LANSING — The total number of coronavirus cases in Michigan has reached 65, according to new numbers released by the Michigan Department of Health and Human Services.
The number is up 11 from the 54 cases revealed on Monday evening. Out of the 11 new cases, two are in Detroit, two are in Macomb County and two are in Oakland County, The Detroit News reported.
The availability of testing isn’t widespread currently, according to Joseph Eisenberg, professor of epidemiology at the University of Michigan, meaning the number of cases could actually be higher.
“If they start to improve the testing, we’re going to see an even sharper increase in cases,” Eisenberg predicted. “But that doesn’t mean that there’s increased transmission. This is an inherent problem in surveillance.”
In Michigan 58 percent of those affected are male, and 38 percent have been hospitalized. Of those, 38 percent of cases are age 60 years to 69 and another 17 percent are 40-49-years old. In addition, 3 percent are between the ages of 0 and 19, 12 percent are 20-29, 14 percent are 30-39, 14 percent are 50-59, 9 percent are 70-79 and 3 percent are 80 or above, according to data from the MDHHS.
Nationally, there have been 4,226 confirmed and presumptive cases of COVID-19 as of noon Tuesday. There have also been 75 deaths, according to the CDC.
Altogether, 63 percent of Michigan’s caseload is from Metro Detroit with 41 cases. Wayne, the largest county in the state, has 17, while Oakland County has 16 and Macomb County has eight. Washtenaw has seven cases and Kent County in West Michigan has five.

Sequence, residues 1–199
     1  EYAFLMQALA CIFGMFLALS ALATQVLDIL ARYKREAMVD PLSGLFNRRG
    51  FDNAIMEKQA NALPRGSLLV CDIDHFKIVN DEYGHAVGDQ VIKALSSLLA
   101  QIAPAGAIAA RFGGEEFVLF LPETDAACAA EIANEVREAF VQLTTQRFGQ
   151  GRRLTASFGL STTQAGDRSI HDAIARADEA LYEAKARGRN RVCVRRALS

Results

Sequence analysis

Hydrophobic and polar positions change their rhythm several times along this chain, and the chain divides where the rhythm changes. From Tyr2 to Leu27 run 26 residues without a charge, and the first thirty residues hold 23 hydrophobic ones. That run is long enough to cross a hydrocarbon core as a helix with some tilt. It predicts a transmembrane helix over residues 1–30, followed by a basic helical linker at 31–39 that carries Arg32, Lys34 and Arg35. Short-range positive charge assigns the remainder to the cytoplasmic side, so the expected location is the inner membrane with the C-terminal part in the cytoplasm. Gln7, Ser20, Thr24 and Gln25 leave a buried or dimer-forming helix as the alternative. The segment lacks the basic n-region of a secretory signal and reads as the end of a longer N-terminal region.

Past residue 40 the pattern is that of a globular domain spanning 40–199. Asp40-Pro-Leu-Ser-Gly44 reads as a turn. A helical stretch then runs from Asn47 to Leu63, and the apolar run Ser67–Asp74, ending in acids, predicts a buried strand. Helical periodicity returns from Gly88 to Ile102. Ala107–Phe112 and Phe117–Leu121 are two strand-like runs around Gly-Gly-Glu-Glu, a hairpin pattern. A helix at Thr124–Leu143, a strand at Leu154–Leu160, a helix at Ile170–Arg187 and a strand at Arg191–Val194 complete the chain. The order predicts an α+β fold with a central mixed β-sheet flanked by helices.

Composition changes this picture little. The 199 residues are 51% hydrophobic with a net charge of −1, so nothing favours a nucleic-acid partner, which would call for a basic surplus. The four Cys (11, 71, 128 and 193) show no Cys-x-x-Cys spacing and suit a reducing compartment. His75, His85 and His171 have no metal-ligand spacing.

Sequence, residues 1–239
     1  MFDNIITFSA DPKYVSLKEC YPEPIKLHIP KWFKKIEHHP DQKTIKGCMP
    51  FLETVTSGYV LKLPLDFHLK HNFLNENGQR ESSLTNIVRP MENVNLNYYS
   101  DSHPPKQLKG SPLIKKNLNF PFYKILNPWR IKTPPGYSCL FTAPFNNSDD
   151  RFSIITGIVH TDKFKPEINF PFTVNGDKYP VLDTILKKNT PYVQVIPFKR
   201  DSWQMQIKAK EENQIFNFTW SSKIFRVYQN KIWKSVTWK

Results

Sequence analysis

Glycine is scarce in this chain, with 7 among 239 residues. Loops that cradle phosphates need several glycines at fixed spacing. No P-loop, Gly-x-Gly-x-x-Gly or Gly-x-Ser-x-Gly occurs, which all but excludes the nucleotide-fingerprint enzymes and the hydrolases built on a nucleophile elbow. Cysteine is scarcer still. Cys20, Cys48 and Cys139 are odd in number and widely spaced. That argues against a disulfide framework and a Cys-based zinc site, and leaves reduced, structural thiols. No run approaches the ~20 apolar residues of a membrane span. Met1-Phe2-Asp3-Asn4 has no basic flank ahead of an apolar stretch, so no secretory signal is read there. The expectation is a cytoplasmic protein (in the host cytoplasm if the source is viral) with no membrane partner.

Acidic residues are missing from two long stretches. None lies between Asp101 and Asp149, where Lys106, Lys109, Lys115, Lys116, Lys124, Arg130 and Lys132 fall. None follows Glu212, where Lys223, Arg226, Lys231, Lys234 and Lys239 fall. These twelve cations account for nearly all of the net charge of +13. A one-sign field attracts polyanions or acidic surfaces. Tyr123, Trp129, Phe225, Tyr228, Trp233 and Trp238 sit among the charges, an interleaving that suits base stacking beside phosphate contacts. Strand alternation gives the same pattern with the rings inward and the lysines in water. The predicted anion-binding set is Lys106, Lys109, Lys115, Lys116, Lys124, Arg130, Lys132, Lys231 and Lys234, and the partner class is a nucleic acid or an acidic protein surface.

Two coronavirus cases recorded in Dearborn
Also among the cases was an attendee at a movie at AMC Fairlane in Dearborn on March 10, and a Ford Motor Company employee in Dearborn.
The theater is one of the first potential exposure sites for COVID-19, according to Wayne County’s health department.
It was recorded in a woman who had no domestic or international travel and no known contact with other positive cases. She was at the theater between 6 p.m. and 10 p.m. on March 10, the first day positive cases were announced in Michigan.
“The epidemiology team is also working with the business to determine the identity of customers who were in the establishment at this time,” the Wayne County Public Health Division said in a Tuesday statement.
Those who attended the theater should monitor themselves for symptoms such as fever, cough or shortness of breath through March 24, the division said.
The Ford employee works in Building 5 in Dearborn, according to a report from ClickonDetroit. The case was confirmed on Monday.
“We learned this person had not been at work between getting exposed to the virus and being diagnosed several days later. That means the colleague could not have transmitted the virus to others at work,” Ford said in an email to the station.